AUTOMAP Image Reconstruction of Ultra-Low Field Human Brain MR Data
Neha Koonjoo 1,2,3, Bo Zhu1,2,3, Matthew Christensen1,2, John E. Kirsch1,2, and Matthew S Rosen1,2,3

1Department of Radiology, A.A Martinos Biomedical Imaging Center / MGH, Charlestown, MA, United States, 2Harvard Medical School, Boston, MA, United States, 3Department of Physics, Harvard University, Cambridge, MA, United States


Due to very low Boltzmann polarization, MR images acquired at ultra-low field (ULF), MR images require significant signal averaging to overcome low signal-to-noise, which results in longer scan times. Here, we apply the deep neural network image reconstruction technique, AUTOMAP (Automated Transform by Manifold Approximation), to 50% under-sampled low SNR in vivo datasets acquired at 6.5 mT. The performance of AUTOMAP on this data was compared to the conventional 3D Inverse Fast Fourier Transform (IFFT). The results for AUTOMAP reconstruction show a significant improvement in image quality and SNR.


MR Imaging at ultra low field (ULF) suffers from low signal-to-noise ratio (SNR) due to intrinsically low Boltzman polarization. As a result, long acquisition times are needed to accommodate the additional signal averaging required to attain sufficient SNR. We recently developed a noise-robust image reconstruction approach based on a data-driven learning of the low-dimensional manifold representations of real-world data, and implemented with a deep neural network architecture. AUTOMAP – Automated Transform by Manifold Approximation1 – is an end-to-end automated k-space-to-image-space generalized reconstruction framework that learns a highly-parameterized image reconstruction function optimized for a corpus of training data and shows noise robustness. Here, the performance of AUTOMAP on in-vivo brain under-sampled 3D MR data acquired at 6.5 mT was compared with those obtained with the conventional Inverse Fast Fourier Transform (3D-IFFT) reconstruction method.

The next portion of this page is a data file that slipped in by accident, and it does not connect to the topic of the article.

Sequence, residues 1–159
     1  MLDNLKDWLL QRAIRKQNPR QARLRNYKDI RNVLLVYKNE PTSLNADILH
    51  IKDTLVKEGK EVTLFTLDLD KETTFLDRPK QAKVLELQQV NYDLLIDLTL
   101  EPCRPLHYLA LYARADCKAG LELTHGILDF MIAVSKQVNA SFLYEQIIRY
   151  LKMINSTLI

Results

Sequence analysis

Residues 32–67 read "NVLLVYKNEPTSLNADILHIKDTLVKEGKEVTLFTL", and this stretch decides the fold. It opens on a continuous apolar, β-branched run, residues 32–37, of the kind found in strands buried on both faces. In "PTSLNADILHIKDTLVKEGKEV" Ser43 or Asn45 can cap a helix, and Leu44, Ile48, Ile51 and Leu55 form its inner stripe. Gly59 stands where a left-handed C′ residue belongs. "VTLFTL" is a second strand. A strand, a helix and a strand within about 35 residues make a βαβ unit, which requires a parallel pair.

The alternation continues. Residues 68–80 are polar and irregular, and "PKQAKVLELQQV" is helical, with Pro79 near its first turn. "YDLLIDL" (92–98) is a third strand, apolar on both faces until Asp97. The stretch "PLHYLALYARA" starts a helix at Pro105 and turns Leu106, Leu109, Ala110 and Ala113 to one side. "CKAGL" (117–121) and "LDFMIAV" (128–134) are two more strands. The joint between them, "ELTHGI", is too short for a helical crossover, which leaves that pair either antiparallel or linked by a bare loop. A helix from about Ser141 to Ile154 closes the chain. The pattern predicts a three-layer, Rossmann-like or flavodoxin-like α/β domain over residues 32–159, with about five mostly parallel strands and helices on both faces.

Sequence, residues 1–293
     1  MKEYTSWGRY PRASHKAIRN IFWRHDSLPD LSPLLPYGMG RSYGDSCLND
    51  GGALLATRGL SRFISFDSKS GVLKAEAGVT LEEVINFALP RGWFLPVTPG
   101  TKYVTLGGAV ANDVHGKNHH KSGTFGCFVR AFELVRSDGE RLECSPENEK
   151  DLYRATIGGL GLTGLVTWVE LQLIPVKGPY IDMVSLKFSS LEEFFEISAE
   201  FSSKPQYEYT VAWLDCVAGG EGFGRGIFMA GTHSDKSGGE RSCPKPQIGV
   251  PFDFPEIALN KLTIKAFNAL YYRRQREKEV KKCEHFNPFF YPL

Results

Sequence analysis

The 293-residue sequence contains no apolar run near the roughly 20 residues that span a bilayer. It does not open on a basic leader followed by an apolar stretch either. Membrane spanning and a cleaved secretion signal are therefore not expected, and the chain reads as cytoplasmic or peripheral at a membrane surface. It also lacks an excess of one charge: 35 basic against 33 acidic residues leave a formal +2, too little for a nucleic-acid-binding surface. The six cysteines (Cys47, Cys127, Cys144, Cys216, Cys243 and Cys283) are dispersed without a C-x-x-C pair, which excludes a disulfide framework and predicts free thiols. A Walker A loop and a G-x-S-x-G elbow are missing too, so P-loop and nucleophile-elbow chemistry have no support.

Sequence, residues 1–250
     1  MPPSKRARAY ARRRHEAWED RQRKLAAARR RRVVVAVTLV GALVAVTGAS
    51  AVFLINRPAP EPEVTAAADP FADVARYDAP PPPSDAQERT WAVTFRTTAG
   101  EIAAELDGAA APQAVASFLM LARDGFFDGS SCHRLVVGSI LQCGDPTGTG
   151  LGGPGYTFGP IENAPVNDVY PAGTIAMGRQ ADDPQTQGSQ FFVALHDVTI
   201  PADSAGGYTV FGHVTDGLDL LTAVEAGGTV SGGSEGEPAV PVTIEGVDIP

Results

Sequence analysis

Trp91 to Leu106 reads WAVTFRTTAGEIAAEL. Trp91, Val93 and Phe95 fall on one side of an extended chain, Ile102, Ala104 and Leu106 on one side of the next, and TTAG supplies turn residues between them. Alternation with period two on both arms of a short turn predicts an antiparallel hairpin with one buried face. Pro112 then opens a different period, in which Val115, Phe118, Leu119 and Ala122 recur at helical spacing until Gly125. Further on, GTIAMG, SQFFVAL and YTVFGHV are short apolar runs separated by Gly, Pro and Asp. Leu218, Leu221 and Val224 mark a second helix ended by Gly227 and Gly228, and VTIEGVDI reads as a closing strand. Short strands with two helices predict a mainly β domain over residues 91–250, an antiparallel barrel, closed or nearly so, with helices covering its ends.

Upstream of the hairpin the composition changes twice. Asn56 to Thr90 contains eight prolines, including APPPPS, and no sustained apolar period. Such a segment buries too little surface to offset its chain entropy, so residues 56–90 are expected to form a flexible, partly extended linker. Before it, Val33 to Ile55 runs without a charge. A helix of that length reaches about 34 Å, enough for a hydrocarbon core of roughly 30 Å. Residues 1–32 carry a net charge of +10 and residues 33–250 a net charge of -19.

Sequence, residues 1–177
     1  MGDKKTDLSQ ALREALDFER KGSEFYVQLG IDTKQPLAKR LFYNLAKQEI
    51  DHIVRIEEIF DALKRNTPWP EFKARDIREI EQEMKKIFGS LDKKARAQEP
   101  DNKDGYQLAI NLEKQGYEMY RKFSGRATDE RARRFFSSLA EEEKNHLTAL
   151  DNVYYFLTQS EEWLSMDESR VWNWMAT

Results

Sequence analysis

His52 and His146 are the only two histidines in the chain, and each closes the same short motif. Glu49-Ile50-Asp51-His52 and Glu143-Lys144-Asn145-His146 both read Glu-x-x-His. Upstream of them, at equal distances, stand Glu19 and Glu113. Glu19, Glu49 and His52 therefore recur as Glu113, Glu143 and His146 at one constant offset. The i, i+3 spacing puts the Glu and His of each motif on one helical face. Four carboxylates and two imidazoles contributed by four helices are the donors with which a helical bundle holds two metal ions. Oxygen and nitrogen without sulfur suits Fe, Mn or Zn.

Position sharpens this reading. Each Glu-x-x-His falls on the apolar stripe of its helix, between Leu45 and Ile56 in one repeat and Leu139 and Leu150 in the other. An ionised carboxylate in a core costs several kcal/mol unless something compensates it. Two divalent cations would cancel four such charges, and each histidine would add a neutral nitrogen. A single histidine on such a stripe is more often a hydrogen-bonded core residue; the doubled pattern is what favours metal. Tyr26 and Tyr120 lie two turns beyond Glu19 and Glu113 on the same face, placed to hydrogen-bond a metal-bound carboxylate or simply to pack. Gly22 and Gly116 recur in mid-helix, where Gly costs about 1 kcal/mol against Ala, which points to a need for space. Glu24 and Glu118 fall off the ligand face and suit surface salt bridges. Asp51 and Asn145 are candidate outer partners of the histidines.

Materials and Methods

Training set: The training corpus was assembled from 50,000 2D T1-weighted brain MR images selected from the MGH-USC Human Connectome Project (HCP)2 public database. The images were cropped to 256×256 and were subsampled to 75×64, symmetrically tiled to create translational invariance and finally normalized to the maximum intensity of the data. To produce the corresponding k-space representations for training, each image was Fourier Transformed with MATLAB’s native 2D FFT function and then multiplied by the corresponding under-sampling pattern as the ULF dataset.

Architecture of NN: The NN was trained to learn an optimal feed-forward reconstruction of k-space domain into the image domain. The real and the imaginary part of datasets were trained separately. The network, described in Figure 1, was composed of 3 fully connected layers (input layer and 2 hidden layers) of dimension n2×1 and activated by the hyperbolic tangent function. The 3rd layer was reshaped to n×n for convolutional processing. Two convolutional layers convolved 128 filters of 3×3 with stride 1 followed each by a rectifier nonlinearity. The last convolution layer was finally de-convolved into the output layer with 64 filters of 3×3 with stride 1. The output layer resulted into either the reconstructed real or imaginary component of the image.

Data Acquisition: A single- channel spiral volume head coil3 was used to acquired 3D human brain data at 6.5mT. A 3D balanced Steady State Free Precession (b-SSFP)4 sequence was used with the following parameters: TR =31ms, matrix size = 64 × 75 × 15, spatial resolution = 2.5mm × 3.5mm × 8mm, and 50% under-sampled both along the phase-encode and the slice direction. Two in-vivo datasets were collected : 1) a 6-min scan with number of averages (NA)=30 and 2) a 35-min scan with NA=160.